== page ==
November 27, 2019

Old felony conviction trips up two-term Florissant city council member

FLORISSANT — A two-term member of the Florissant City Council resigned Monday after it was revealed he had a felony conviction from 20 years ago.

According to Florissant Mayor Tim Lowery’s office, Ward 2 Council member Timothy M. Jones submitted a brief letter explaining his decision to step down after consulting with a city attorney.

Under state law, felons cannot hold elective office.

Court records show Jones, 52, was convicted of driving while intoxicated in St. Charles County in 1999. He received a four-year sentence that was suspended in exchange for him serving 120 days in a shock incarceration program operated by the Missouri Department of Corrections.


November 20, 2019

FDA Warns Dollar Tree for Stocking 'Potentially Unsafe Drugs'

Dollar Tree was issued a warning letter from the Food and Drug Administration (FDA) last week for receiving “potentially unsafe” over-the-counter drugs from foreign companies that the government says are not following proper manufacturing practices.

These offshore manufacturers produce Dollar Tree's Assured brand of over-the-counter drugs and other health care products, including acne treatment pads, sold at Dollar Tree and Family Dollar stores, according to the FDA. Randy Guiler, Dollar Tree's vice president of investor relations, said in a statement that the acne pad and an antibacterial wipe are the products he's “aware of” that come from the manufacturers cited by the FDA.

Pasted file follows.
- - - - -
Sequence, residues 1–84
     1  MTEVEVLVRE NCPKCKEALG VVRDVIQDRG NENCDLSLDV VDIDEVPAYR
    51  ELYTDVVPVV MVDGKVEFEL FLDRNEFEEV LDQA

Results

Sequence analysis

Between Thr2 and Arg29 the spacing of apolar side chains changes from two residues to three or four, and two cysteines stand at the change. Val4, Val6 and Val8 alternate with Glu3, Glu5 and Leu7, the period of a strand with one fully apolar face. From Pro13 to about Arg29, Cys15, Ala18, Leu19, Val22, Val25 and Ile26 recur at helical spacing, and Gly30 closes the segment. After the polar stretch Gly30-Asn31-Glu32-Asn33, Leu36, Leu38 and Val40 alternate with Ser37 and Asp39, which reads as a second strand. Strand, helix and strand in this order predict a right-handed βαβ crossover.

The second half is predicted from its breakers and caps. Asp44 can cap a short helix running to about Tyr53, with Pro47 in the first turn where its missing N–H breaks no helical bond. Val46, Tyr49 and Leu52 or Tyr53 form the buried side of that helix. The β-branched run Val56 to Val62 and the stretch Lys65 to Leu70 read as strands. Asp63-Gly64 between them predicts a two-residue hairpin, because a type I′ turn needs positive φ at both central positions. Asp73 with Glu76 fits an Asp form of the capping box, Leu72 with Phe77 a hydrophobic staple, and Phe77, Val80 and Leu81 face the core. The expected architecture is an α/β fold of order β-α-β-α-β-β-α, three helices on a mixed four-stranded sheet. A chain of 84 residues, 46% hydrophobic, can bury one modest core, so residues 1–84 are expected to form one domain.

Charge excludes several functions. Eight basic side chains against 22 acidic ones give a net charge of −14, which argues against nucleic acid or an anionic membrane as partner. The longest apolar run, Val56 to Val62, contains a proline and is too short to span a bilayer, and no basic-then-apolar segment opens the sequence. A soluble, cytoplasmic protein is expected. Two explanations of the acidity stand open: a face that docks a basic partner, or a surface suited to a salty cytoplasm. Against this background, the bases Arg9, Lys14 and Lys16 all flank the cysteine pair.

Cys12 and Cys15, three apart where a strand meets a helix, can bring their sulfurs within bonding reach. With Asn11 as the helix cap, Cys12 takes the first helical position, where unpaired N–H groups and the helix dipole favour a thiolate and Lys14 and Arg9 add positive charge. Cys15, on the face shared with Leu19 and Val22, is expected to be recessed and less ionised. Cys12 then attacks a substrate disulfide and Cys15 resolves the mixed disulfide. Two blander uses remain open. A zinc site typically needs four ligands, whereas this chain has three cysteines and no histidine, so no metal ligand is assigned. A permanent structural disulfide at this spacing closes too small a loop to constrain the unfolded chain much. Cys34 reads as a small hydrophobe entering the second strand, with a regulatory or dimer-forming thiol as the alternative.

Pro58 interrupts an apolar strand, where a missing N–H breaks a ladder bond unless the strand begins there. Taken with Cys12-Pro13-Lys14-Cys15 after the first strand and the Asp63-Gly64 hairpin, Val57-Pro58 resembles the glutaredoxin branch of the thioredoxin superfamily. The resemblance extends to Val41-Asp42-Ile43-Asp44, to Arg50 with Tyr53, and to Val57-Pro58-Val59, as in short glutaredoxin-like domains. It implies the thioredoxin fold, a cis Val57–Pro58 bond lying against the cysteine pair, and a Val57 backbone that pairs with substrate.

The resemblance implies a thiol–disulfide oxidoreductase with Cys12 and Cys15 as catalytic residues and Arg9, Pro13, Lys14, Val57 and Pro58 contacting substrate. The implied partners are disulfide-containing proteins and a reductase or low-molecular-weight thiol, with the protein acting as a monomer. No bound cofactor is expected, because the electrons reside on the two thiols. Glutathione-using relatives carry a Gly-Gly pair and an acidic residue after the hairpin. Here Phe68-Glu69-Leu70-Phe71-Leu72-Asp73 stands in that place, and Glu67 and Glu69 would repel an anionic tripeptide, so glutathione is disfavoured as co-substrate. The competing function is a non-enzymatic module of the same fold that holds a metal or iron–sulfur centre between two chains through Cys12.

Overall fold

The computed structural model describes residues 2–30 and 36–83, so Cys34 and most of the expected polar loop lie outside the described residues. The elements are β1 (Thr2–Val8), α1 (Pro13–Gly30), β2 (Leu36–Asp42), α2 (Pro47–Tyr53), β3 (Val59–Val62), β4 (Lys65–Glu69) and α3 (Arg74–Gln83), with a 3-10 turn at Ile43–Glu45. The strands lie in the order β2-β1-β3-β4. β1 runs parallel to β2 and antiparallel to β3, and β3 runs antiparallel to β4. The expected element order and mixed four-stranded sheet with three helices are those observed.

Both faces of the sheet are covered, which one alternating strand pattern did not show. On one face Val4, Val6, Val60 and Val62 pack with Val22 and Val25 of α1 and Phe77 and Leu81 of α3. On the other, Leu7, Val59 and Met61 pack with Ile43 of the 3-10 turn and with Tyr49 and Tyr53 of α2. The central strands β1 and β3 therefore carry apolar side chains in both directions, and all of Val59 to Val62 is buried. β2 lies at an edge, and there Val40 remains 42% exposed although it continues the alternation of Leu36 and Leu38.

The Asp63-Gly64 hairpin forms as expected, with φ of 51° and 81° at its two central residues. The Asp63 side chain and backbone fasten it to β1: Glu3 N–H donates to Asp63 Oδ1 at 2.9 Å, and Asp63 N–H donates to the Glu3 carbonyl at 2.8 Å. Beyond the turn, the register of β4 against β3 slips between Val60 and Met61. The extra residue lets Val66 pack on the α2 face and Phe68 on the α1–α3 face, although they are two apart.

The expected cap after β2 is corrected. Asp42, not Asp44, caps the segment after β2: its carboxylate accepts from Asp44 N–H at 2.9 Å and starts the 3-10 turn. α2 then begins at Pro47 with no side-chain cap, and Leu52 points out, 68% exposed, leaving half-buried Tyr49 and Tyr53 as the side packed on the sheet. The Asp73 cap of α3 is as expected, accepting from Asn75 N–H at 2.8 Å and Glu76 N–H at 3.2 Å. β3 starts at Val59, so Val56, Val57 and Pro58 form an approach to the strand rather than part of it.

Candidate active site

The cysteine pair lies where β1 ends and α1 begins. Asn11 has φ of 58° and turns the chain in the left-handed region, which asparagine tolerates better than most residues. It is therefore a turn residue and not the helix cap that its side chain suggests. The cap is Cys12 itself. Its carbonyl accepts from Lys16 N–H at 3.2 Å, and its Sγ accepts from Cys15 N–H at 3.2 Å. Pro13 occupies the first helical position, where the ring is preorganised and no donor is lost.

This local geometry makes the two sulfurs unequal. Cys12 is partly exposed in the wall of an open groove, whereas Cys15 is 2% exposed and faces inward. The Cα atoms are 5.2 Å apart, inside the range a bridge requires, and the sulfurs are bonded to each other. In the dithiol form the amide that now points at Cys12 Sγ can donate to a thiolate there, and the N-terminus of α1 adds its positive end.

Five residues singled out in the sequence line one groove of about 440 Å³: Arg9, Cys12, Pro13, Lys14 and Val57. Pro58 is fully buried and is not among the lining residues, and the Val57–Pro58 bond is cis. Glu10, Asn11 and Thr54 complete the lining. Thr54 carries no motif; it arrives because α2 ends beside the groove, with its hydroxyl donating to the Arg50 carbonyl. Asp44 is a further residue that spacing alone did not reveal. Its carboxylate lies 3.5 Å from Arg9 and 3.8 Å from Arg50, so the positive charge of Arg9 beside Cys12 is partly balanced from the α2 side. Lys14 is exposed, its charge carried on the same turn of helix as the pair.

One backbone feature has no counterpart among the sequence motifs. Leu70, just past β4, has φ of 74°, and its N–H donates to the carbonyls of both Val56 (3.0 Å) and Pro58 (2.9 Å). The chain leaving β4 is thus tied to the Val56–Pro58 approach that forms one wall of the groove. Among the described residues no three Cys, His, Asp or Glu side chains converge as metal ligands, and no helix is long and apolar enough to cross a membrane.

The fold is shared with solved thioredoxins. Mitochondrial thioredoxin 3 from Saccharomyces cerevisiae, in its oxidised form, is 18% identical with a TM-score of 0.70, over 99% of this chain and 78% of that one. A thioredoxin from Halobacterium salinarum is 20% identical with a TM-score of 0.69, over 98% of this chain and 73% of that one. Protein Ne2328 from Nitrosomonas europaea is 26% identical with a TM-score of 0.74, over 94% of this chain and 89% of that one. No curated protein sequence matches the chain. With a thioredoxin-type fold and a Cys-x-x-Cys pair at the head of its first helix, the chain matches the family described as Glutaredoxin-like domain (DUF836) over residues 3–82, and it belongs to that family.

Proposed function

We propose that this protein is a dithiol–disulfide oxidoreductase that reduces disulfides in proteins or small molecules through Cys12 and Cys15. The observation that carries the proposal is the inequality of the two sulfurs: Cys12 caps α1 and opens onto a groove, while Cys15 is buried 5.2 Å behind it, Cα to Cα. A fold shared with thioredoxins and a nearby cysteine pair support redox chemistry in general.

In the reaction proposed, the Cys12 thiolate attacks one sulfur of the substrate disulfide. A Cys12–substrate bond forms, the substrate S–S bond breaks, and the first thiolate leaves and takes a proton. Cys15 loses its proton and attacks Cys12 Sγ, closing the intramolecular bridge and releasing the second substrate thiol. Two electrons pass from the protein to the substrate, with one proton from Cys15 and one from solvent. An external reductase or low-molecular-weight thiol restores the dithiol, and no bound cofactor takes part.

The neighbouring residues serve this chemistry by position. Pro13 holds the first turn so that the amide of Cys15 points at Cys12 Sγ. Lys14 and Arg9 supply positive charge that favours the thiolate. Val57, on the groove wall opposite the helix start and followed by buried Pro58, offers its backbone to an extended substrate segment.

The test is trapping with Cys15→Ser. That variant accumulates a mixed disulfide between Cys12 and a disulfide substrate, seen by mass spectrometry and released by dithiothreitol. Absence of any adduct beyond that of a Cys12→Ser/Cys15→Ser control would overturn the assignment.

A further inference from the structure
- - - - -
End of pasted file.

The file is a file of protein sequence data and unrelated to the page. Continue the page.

The agency says that some of these companies failed to test raw materials and the finished products before distributing them, while others falsified test results and had rodent feces in their facilities. These manufacturers have in the past received warning letters of their own from the FDA. Dollar Tree was notified when these warning letters were sent, the FDA says. The FDA has not issued any formal recall of the affected products.

"Protecting patient health and safety is our highest priority, and the FDA continues to investigate and take action against companies that place U.S. patients at risk,” Donald D. Ashley, director of the Office of Compliance in the FDA's Center for Drug Evaluation and Research, said in a statement.


November 20, 2019

Harry Truman on The GOP, something that we should all remember

On 13 October 1948, President Harry Truman made an appearance in St. Paul, Minnesota, stumping on behalf of both his own re-election campaign and a bid by the mayor of Minneapolis, fellow Democrat Hubert Humphrey, to land a seat in the U.S. Senate. During that appearance in St. Paul, President Truman delivered an address at the city’s Municipal Auditorium which was carried on a nationwide radio broadcast and included the criticism of the Republican Party.